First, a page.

“My hat is off to Rep. Duncan Hunter for removing from the Capitol the dishonest ‘art’ work depicting police as wild animals,” wrote Joan Wayman in a letter to the U-T. “If the ‘artist’ would instead portray, as vicious animals, those gang members who indiscriminately shoot up neighborhoods killing innocent children in their attempts to eliminate rivals, who lure girls into sex trafficking, who deal drugs and engage in other criminal activities, now that art would serve as a useful social message.”
• You simply must peruse this thread of Tweets by BuzzFeed reporter Paul McLeod who uses the Hunter art controversy as an opportunity check in on all the depictions of pro-slavery advocates and other historical figures who’ve made racist statements displayed in the Capitol.
• Forty San Diego artists collaborated on a book that’s showing at the Athenaeum Music & Arts Library through Feb. 11, and this U-T reporter calls it “conceptually playful and visually captivating.”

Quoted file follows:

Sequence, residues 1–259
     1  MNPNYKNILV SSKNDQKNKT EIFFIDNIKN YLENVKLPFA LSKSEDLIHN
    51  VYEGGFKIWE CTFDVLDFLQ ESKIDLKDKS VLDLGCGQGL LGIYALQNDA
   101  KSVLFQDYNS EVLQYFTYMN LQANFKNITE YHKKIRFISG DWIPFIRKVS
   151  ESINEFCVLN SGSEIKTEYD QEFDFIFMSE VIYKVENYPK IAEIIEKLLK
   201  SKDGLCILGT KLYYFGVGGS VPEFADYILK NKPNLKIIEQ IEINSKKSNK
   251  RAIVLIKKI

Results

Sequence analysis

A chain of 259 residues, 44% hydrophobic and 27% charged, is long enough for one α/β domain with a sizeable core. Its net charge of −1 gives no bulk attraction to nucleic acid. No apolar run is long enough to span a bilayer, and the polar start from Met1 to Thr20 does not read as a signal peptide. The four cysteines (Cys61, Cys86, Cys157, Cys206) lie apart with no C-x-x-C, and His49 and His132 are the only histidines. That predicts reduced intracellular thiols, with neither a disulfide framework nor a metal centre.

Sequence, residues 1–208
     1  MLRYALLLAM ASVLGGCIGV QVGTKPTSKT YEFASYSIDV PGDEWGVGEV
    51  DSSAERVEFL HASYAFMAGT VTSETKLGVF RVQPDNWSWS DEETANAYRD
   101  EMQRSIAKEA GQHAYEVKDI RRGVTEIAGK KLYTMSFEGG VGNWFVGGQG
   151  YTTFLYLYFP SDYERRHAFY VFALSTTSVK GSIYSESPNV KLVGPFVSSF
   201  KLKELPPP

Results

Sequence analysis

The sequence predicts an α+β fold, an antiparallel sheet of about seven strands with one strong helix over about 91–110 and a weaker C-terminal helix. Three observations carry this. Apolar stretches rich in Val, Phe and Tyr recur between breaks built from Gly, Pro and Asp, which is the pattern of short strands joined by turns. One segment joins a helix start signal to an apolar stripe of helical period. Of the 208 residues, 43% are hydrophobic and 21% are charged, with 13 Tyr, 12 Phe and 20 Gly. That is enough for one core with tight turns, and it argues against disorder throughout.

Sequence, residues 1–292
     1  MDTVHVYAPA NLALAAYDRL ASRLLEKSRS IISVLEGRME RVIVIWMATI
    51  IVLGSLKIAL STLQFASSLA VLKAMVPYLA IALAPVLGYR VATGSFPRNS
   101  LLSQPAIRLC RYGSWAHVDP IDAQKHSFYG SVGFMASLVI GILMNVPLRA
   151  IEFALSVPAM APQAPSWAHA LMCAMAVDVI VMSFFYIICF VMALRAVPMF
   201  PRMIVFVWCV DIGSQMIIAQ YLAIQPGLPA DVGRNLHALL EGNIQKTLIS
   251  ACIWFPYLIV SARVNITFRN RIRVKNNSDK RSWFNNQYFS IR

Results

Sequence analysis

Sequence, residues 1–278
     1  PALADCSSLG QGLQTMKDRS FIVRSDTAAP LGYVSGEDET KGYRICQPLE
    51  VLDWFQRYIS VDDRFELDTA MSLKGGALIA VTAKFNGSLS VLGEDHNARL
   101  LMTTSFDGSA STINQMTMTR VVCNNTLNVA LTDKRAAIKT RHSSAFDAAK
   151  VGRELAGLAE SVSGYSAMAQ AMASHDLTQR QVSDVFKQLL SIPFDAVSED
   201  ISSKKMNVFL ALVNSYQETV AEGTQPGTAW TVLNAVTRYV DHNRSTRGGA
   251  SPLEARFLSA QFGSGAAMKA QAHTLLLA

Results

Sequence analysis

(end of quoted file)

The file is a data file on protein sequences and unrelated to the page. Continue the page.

• I wrote about one man’s work to make theater audiences more diverse. Some readers took offense to the story’s headline, “The Quest to Make San Diego’s Theater Audiences Less White,” calling it click bait or even race baiting. Do you think it’s offensive? Let me know.
• The La Jolla Playhouse’s “Escape to Margaritaville” musical that’s built around the songs and stories of Jimmy Buffett is officially going to Broadway after its May debut in San Diego. (U-T)
• The Globe’s free festival featuring new work is happening this week. (U-T)